Amibor: Lack of PPE, N95 Masks Hampering Pharmacist’s Fight against COVID-19

Kingsley Chiedu Amibor

Kingsley Chiedu Amibor

Dr. Kingsley Chiedu Amibor is the National Chairman, Association of Hospital and Administrative Pharmacists of Nigeria. In this interview he ex-rayed the challenges faced by pharmacists and what the government must do to win the war against COVID-19. Martins Ifijeh brings excerpts:

How would you assess the contribution of hospital pharmacists in the fight against COVID-19?
Pharmacists as frontline healthcare workers have made huge contributions towards the curtailment of the spread of COVID-19 in Nigeria. This ranges from the production of hand sanitisers, provision of medications used in managing COVID-19 to making face masks and other personal protective equipment available to those that need them. Our members also offer pharmaceutical care and medication therapy management. In collaboration with other healthcare professionals, hospital pharmacists are ensuring that there is improvement in quality of life of patients as well as reduction in hospital stay. Pharmacists in virtually all hospitals (federal and state) with the exception of few, have been involved in producing millions of litres of hand sanitisers in both single packs for individual use and large packs for use in wards, clinics and so on.

What challenges are your members facing in curbing COVID-19?
The biggest challenge confronting our members right now is inadequate personal protective equipment which is in short supply. In particular, the N95 Face masks which to some extent can prevent the healthcare worker from being infected with the virus are in short supply. Even the surgical face mask is equally not adequate. This is a major source of discouragement to our members.

Why are health professionals opposed to the importation of Madagascar COVID-Organics into Nigeria?
There have been several controversies around the importation of COVID-Organics into Nigeria. One of the grounds for opposition is that for a long time, Nigerian scientists have been proclaiming that they have herbal cure for COVID -19. But, nobody seemed to give them a chance, in terms of inviting them for clarifications.

At the same time, many universities and research institutes have been crying for funding to enable them carry out research into cure for various ailments. And then all of a sudden, Madagascar, a third world country just like Nigeria came out to say, oh we have discovered a herbal cure for COVID-19 and then the government now begins to show interest and say, okay bring this product into Nigeria and lets use it on our people. Don’t forget that the World Health Organisation (WHO) had warned that clinical trials have not been conducted on COVID-Organics to establish its safety and efficacy profiles. Moreover, in the country where it was produced, the product was only used on few people, the results obtained with those few people could have been subjective, in other words, it may or may not have been due to the COVID-Organics.

Another reason for the opposition is that the parent plant from which COVID-Organics is produced Artemisua annua grows here in Nigeria. Nigerian pharmacists have the potential and wherewithal to extract the active ingredient which is artemisine from the parent plant if given adequate support.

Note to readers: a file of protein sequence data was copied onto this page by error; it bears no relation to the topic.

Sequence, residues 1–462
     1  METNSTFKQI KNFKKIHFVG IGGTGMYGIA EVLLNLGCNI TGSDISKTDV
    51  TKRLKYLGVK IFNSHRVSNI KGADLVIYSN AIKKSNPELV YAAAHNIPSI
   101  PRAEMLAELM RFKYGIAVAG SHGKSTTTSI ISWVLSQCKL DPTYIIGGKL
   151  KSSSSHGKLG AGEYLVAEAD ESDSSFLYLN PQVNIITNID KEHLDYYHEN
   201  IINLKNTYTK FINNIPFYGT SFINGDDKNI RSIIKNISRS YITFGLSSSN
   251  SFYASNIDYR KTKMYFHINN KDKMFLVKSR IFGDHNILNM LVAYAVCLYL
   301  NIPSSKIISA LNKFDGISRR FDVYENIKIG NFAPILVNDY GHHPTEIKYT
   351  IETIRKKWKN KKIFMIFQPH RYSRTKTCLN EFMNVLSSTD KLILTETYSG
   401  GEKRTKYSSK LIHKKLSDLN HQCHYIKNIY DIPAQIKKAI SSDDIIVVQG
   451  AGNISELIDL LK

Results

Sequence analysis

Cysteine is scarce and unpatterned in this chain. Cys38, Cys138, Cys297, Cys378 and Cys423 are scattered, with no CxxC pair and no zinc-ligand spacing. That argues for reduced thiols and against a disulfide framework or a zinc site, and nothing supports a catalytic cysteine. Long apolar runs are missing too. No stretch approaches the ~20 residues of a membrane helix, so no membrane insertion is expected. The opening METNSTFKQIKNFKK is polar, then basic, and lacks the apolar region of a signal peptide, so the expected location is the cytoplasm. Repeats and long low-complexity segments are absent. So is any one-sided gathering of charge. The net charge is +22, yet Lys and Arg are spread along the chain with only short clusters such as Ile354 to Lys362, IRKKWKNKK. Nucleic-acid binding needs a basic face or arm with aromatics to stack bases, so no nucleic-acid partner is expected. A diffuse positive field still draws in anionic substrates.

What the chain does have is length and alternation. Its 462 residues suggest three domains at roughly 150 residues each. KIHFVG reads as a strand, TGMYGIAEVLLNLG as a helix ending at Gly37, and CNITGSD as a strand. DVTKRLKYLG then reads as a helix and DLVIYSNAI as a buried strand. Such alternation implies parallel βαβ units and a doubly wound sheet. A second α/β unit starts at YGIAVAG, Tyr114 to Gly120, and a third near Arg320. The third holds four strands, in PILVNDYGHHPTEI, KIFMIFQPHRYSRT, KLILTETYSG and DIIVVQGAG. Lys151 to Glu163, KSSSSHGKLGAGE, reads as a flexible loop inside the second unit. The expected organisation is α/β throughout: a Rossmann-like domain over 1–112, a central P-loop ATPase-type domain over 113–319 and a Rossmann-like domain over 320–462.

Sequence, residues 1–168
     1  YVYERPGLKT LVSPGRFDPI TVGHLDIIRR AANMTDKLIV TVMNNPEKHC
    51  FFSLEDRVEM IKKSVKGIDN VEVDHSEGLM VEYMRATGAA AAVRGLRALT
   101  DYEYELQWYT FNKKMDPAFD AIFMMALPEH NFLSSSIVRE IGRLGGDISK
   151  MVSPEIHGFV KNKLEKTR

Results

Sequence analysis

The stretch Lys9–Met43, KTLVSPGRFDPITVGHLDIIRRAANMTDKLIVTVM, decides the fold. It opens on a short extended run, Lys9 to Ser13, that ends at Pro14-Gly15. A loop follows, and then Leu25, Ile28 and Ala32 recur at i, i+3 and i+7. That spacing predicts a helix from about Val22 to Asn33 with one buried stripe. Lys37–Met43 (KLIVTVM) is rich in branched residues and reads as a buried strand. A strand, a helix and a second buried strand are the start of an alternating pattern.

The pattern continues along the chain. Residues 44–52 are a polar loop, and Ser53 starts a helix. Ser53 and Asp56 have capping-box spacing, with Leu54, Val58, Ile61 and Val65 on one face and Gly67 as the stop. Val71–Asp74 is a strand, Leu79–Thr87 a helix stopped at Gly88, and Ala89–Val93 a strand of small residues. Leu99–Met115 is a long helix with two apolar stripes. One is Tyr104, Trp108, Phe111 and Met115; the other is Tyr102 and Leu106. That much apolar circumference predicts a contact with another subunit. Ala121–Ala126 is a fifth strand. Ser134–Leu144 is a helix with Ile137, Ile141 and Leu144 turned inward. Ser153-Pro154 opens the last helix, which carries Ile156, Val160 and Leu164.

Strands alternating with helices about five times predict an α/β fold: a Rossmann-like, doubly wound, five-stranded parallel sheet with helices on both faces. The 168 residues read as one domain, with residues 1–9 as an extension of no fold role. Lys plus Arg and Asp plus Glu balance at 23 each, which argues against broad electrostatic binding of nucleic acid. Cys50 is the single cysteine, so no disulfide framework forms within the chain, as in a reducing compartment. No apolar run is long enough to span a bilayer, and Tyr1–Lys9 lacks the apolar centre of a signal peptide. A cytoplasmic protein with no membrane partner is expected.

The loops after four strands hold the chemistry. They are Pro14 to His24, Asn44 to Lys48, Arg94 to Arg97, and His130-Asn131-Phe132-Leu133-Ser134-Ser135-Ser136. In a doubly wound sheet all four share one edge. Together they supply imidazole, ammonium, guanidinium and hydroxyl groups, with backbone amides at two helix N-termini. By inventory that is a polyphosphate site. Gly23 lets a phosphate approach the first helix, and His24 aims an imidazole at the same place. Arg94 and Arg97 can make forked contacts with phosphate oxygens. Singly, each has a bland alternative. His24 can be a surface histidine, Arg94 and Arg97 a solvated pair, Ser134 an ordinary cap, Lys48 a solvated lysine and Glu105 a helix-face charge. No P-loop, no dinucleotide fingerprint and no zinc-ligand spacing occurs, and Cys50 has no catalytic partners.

What is your take on the use of herbal remedies in the treatment of COVID-19?
Herbal products generally find use in the treatment of many diseases including infections. These products are believed to be generally safe and of low toxicity, compared to most orthodox medicines. One challenge with their use is that herbal products are not standardised, and so you find one herbalist will tell you to drink two glasses morning and evening for example to achieve laxative effect with a particular herbal product. Another herbalist will produce his own from the same leaves and tell you to drink half glass may be three times daily to achieve the same effect.

What kind of motivation do your members need to perform optimally?
There are many challenges confronting our practice as hospital pharmacists. First is our work environment. There is hardly enough space in most pharmacy departments. Some do not have counseling rooms to ensure patient’s confidentiality. We are asking that pharmacy departments in various hospitals be restructured to make room for offices, patient counseling rooms and so on. The existing pharmacies that still have some space can be restructured to provide for counseling rooms. The Pharmacists Council of Nigeria (PCN) has a prototype of what each pharmacy department in our hospitals should look like. All hospitals are encouraged to key into the PCN model.

Second, is that the out-of-stock syndrome is gradually creeping back to our hospitals because the Drug Revolving Fund which was put in place by government to guarantee continuous medicines availability in hospitals is being mismanaged by most hospital’s top management. You collect medicines from a drug manufacturer on credit, promise to pay within 60 days, the medicines are sold and rather than settle the supplier, such monies are diverted to meet other hospital needs. This practice is rampart in virtually all the hospitals in the country. The result is that as at today, most tertiary institutions owe drug manufacturers close to N3 billion from unpaid drug purchases.

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